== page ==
From the Rev: Paper Thin

Apr 06, 2014

Mary Willingham spoke with ESPN about UNC athletic academic practices which raised an internet maelstrom earlier this week.

This past week, a story broke about an incident a few years ago at the University of North Carolina where a student-athlete was awarded an A- grade for a ten-sentence paper. The story went viral as did the criticism surrounding the “paper classes” that seemed to be part of the college landscape to prop up collegiate athletes and keep them on the field in spite of poor academics. In recent days, further details have come to light on the story. The stories themselves beg a couple of questions, firstly we might ask, “What is truth?” in the same vein that Pilate once asked that famous philosophical question. I have come to learn in my time in the world that the truth (as conveyed by humans) is usually somewhere between two extremes as we turn and twist the truth for our own means and our own gains.

Rebecca Herrera signs a letter of intent with Texas A&M (2008).

But, in spite of the broadcasting faux pas of ESPN, there has always been suspicions around collegiate athletes having different standards or special treatment when it comes to academics and sport. It is no secret that Division-I college athletes usually have access to free tutoring and other resources as a part of scholarship benefits. My own sister-in-law, Rebecca Herrera, on scholarship with Texas A&M (2008/2009) women’s soccer program and experienced some of the offerings that a Division-I college athletics academic support.

Being a student athlete was like having a job – going to classes, practices, travel. The expectations of doing well in classes and doing well in athletics…the amount of effort in doing both of those things well was difficult…

Rebecca Herrera (#9, Texas A&M) defends in a game against the Florida Gators.

The weight of those expectations is not shouldered by athletes alone, there is a lot of support from the schools that provide scholarships to their athletes. Herrera went on to describe some of the other assistance that was afforded to her as an athlete to help ease the burden and manage playing for the girls soccer team,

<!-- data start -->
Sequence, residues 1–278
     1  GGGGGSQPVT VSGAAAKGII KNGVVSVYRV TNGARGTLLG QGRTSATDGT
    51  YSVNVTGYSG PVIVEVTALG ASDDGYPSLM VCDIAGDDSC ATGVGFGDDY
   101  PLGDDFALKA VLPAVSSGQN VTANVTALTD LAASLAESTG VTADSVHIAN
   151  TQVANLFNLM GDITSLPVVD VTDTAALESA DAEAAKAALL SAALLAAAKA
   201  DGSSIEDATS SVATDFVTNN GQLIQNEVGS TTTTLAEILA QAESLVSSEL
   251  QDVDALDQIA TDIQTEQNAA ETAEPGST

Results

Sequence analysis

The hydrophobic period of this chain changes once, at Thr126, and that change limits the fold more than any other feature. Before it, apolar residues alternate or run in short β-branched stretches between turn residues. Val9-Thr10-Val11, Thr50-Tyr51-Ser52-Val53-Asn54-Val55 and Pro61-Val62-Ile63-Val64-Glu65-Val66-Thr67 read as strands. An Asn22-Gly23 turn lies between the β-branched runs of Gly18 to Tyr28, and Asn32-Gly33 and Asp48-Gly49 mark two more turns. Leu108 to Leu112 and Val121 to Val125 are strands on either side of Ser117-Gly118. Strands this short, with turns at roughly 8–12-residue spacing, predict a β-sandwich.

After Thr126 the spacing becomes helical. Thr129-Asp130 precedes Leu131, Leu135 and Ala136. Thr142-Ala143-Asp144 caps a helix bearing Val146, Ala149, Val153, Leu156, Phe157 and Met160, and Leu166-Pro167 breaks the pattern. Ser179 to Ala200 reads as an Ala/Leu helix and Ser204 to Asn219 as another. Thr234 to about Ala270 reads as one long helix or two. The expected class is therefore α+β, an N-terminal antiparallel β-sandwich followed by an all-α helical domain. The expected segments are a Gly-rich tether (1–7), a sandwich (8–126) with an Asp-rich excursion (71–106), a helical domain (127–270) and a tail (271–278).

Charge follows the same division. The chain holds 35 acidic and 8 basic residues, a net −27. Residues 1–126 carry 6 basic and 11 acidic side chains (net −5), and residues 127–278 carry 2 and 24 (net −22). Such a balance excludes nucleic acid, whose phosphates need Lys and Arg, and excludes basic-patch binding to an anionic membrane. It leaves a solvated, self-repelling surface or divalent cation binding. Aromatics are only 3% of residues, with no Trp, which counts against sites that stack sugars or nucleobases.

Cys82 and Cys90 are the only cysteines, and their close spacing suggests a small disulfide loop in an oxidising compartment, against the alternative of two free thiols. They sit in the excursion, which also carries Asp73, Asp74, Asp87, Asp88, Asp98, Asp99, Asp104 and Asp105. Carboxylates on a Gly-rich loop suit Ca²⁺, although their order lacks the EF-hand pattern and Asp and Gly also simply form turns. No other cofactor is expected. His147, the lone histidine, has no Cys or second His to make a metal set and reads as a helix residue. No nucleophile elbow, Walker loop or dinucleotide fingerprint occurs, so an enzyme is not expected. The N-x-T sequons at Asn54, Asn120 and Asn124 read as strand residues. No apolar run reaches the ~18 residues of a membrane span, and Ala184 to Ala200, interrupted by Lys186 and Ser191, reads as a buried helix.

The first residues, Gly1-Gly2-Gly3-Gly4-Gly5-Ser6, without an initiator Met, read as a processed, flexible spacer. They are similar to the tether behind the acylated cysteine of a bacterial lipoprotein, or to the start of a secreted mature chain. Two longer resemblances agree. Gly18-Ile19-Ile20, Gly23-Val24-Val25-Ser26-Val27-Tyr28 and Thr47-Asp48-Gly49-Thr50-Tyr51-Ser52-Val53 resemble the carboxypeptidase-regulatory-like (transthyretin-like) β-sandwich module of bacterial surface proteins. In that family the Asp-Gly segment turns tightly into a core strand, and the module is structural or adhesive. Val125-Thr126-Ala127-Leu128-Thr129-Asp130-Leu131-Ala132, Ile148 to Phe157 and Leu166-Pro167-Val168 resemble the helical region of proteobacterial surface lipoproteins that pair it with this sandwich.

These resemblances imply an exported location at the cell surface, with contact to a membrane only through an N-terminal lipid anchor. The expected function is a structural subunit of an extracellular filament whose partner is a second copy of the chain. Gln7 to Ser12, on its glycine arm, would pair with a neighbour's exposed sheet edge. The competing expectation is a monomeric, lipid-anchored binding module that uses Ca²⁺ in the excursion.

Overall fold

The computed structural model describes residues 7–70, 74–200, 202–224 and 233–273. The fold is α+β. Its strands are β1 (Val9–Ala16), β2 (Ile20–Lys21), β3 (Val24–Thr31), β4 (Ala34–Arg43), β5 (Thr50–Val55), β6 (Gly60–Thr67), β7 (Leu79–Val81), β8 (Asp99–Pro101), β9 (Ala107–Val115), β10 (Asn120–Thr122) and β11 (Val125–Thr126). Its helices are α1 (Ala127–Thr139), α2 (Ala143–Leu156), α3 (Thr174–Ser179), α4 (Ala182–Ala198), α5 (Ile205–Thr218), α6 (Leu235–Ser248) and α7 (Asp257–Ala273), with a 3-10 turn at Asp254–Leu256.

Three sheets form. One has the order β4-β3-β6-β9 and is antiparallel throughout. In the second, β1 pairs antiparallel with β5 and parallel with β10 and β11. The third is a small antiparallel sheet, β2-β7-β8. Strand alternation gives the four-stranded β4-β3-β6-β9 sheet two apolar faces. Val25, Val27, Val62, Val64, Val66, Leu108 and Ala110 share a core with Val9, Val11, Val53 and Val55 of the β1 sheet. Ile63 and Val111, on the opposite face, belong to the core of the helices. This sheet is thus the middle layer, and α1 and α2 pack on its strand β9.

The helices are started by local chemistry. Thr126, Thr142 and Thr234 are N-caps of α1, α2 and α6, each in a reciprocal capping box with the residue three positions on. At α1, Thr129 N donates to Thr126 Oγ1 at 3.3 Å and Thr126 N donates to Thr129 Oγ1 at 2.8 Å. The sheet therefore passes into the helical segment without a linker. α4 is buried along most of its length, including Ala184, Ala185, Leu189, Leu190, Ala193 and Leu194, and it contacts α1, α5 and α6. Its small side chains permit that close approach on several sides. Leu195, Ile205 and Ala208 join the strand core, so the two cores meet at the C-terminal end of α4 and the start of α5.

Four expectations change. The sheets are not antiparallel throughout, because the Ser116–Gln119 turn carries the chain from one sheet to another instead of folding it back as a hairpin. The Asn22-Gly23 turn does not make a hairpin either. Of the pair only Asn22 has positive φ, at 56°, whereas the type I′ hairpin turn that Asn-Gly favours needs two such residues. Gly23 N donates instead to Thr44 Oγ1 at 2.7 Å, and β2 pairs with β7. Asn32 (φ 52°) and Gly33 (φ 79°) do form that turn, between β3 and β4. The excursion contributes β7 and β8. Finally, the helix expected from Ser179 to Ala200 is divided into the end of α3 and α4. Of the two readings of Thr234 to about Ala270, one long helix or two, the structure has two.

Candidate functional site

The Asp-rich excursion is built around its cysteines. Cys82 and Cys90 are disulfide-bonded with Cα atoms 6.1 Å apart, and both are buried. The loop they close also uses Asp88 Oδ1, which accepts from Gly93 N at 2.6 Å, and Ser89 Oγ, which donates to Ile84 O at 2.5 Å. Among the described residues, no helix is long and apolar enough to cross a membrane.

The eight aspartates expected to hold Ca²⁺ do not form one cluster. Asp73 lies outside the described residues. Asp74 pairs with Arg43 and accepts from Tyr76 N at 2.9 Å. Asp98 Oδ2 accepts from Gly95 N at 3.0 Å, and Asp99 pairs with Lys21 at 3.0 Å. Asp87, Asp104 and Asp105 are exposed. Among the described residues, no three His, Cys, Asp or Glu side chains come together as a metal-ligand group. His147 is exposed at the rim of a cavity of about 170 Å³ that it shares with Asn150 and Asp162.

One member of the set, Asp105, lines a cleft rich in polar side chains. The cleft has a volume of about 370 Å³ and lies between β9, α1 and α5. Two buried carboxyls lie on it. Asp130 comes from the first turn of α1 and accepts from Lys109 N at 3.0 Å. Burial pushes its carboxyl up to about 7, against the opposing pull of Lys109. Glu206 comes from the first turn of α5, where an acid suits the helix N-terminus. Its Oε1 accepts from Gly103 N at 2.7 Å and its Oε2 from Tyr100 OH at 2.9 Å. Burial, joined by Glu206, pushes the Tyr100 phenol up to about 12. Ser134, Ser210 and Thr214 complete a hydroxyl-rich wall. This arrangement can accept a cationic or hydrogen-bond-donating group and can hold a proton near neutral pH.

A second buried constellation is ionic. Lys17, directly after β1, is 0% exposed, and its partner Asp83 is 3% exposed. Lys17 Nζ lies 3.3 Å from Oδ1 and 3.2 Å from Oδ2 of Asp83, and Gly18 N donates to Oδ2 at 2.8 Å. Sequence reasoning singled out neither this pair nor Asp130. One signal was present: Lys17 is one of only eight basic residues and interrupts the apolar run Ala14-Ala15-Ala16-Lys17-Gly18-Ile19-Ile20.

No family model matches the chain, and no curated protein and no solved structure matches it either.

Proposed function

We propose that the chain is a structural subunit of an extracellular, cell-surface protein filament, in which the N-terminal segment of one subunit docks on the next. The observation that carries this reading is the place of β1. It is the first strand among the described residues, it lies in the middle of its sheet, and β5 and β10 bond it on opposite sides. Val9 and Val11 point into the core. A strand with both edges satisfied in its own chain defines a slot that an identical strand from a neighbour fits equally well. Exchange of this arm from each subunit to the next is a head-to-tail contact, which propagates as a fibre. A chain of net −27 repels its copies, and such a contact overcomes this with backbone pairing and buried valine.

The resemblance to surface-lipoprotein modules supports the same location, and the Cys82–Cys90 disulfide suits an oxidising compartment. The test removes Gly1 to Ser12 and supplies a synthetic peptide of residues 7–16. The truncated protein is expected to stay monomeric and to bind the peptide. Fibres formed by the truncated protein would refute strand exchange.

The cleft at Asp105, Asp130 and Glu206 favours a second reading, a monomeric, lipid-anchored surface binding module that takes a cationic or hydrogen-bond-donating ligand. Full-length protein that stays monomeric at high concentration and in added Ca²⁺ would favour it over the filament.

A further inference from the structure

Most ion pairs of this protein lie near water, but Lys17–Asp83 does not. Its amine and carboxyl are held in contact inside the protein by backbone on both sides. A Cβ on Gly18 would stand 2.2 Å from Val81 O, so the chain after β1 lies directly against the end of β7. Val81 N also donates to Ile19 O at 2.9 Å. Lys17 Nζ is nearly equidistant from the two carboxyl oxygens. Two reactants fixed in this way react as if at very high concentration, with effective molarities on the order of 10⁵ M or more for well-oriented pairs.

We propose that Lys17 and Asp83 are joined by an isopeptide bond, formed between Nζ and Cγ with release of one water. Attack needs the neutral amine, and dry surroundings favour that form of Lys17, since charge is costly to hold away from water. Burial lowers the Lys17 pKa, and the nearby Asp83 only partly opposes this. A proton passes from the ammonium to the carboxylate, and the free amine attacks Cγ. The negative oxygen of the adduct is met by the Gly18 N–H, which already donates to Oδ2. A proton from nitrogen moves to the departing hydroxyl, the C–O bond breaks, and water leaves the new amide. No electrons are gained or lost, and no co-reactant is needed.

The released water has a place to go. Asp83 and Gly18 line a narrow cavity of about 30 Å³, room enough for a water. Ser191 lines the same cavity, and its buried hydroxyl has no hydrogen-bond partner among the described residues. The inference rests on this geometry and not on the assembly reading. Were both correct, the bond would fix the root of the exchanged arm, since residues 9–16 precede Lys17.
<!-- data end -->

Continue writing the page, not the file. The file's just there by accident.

Student athletes had some privileges including priority for signing up for courses, an academic center where we could access tutors and other people to help manage our academic load, and there were some classes that could be taken that consisted of just an online exam…

Whilst the argument might be made that student athletes are in need of greater support because of the demands, there are those upset by the practices both professional and student, alike. While it is beyond the scope of my writing to enter into that argument, I do want to make a clear appeal – the existence of these courses and the academic system in general is not (in my estimation) helping to prepare the student-athlete for life beyond college and sport in general. There is a severe handicap, in fact, when schools place such a high importance and value on sport over the academic. I acknowledge that some schools are working to change this perception and others are working to change the practice.

But regardless of the athlete and the environment of academics that they come from, one of the roles of the chaplain in professional sport is assisting athletes (really seeing them as people) wherever they are in the process of learning and growing – both personally and professionally. This is sometimes much greater with athletes coming from countries and cultures where schooling and education are lesser in importance compared to playing football professionally (European and South American countries, especially). In these places, young athletes can sometimes bypass educational development and opportunities altogether. America is trending toward more emphasis on sport and less on academics – to the point that many of the athletes that I work with have left school prematurely to play soccer. There is an increasing number who have not gone on past high school education (at least in traditional ways of going to college before beginning a professional career). While there are incentives to complete college, there is little resource or motivation for a player to do it while playing.

When I mentioned some of my role as a chaplain to my sister-in-law, she relished the thought,

I think a team chaplain would have really helpful in college. Just even to work through some of the difficult decisions and to learn how to handle some of the (ethical) issues that we faced as student-athletes.

If helpful at a collegiate level, you can imagine how much more helpful at a professional level. I am coming to realize more and more, that some of my work as a chaplain is to help the young men that I work with to become more solid in life and not just in academics, but in life and faith. Part of my role is helping them in the process of going from boyhood to manhood. Helping them to become real men – men of integrity, men of faith, men of honor, men of valor – men that are not, paper thin.


Rev. Brad Kenney

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